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An Honest Review Of 'Birds Of Prey'

Kudos to Margot Robbie for pulling a producer power move in the name of female representation.
PHOTO: Warner Bros. Pictures

The Long Plot, Sans Spoilers

Birds Of Prey is told from the scatterbrained perspective of one Harley freakin' Quinn. The story opens with Harley (Margot Robbie) suffering a nervous breakdown after being dumped by the Joker. She goes through the usual post-breakup coping mechanisms such as binge-eating, trying new hobbies, going wild at a bar, and setting Ace Chemicals ablaze in a wonderful display of fireworks. Her past antics as Joker's partner-in-crime quickly catch up to her when Gotham's criminals get revenge including Roman Sionis (Ewan McGregor) and Victor Zsasz (Chris Messina). In order to get herself out of the sticky sitch, she must retrieve a missing diamond from a pickpocket named Cassandra Cain (Ella Jay Basco). As she goes about her mission, Harley meets other equally badass women, with their own problems pertaining to toxic masculinity, who each get in her way. There's the tough-as-nails detective Renee Montoya (Rosie Perez), nightclub singer Dinah Laurel Lance (Jurnee Smollet-Bell), and a highly trained assassin named Huntress (Mary Elizabeth Winstead). Will these crazy talented independent women be able to set aside their differences and form an alliance to take down Gotham's patriarchy?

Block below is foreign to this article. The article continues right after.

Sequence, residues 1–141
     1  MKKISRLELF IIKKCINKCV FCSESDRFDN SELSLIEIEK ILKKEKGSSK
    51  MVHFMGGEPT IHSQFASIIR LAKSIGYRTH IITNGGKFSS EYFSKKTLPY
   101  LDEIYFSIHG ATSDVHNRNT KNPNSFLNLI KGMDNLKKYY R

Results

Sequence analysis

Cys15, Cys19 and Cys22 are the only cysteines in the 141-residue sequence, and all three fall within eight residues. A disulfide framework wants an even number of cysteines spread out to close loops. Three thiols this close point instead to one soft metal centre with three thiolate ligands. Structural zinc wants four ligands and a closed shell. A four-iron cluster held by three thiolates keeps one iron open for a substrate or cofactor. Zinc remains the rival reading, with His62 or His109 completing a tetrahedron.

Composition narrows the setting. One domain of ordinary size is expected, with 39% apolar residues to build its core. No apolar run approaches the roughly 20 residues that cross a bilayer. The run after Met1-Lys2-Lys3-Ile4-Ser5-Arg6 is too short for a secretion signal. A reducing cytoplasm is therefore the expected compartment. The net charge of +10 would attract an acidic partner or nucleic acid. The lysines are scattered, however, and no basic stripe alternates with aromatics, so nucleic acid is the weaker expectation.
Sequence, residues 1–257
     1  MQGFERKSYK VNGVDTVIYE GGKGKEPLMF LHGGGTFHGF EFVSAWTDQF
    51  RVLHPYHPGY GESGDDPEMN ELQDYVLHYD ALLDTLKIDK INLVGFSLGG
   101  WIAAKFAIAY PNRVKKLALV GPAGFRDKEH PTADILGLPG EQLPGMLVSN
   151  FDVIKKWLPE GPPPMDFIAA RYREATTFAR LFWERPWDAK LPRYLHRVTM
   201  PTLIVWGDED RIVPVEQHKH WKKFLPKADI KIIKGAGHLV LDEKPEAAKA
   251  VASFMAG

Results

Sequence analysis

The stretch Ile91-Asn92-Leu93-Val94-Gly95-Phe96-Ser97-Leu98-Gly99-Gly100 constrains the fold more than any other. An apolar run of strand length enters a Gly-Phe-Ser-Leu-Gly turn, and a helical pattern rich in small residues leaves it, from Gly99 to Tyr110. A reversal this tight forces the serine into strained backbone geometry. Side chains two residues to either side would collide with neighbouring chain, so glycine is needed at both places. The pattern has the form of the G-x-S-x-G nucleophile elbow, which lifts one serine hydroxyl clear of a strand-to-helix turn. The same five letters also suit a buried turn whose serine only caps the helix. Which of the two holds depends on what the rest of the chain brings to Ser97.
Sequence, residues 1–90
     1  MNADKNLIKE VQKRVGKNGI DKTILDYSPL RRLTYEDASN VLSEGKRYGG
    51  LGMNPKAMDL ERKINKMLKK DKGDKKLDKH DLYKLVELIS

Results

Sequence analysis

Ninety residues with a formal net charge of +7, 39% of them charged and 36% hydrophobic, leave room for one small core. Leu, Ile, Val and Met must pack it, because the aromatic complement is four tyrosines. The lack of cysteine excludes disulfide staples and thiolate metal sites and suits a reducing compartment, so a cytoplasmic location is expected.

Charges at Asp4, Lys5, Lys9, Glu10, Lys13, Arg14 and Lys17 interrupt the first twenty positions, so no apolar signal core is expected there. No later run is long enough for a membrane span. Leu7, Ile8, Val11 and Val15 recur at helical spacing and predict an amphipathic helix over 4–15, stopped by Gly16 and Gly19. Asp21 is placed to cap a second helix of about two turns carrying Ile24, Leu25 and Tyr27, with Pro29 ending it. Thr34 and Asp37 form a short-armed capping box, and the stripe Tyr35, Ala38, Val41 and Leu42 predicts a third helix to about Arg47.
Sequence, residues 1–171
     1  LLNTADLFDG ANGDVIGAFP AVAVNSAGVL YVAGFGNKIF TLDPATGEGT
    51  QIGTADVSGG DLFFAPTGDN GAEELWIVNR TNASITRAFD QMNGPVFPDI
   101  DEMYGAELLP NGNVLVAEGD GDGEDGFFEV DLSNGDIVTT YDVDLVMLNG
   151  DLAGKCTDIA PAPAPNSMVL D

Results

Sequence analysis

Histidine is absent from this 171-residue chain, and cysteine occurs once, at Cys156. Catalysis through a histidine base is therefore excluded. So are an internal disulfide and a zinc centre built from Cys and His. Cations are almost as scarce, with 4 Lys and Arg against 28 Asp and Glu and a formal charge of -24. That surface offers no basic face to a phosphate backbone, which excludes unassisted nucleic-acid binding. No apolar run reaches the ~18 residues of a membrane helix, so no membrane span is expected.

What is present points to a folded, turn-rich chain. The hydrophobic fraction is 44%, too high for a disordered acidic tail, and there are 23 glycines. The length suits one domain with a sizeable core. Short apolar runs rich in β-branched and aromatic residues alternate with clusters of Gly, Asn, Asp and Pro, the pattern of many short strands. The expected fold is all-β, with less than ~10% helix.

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The Short, Honest Plot

Harley has a breakup recovery session with the vigilante equivalent of the Spice Girls in fantabulous technicolor!